A month ago, it became clear that the Hubble Space Telescope, more than 30 years after it was sent into space, had become unusable after the crash of a payload computer from the 1980s. But don’t panic, NASA said, because the space organizations had provided the Hubble with various spare parts that could be replaced automatically. That has now been achieved, but it turned out to be by no means an easy task.
Back online after a month
Installing and getting the backup payload computer ‘working’ took a little over a month. The first four weeks alone were needed to analyze the exact problem with the old payload computer. The analysis also showed that there were no technical problems with the telescope itself and its scientific instruments.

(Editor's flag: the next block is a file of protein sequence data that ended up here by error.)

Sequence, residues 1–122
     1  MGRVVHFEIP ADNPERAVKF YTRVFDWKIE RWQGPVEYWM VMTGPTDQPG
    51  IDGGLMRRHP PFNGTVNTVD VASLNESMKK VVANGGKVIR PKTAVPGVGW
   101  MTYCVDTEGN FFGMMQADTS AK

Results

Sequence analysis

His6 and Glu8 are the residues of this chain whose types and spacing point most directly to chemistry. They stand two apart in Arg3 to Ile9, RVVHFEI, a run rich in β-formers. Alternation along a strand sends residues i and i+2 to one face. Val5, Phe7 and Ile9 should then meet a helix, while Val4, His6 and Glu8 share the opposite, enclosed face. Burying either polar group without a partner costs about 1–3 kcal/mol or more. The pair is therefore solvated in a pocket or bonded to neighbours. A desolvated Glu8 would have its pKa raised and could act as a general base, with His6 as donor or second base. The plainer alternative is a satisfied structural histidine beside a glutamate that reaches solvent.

After that, the procedure for replacing the faulty computer with the existing backup system could be started. The campaign was successfully completed just before the weekend and the Hubble has been ‘online’ again since last Saturday (17 July).
“Hubble is an icon and gives us an incredible insight into the cosmos of the past three decades. I am proud of the Hubble team, both our current members and the Hubble alumni who have lent their support and expertise. Thanks to their dedication and thoughtful work will continue to build Hubble on its 31-year legacy with its view of the universe to broaden our horizons,” said NASA’s Bill Nelson.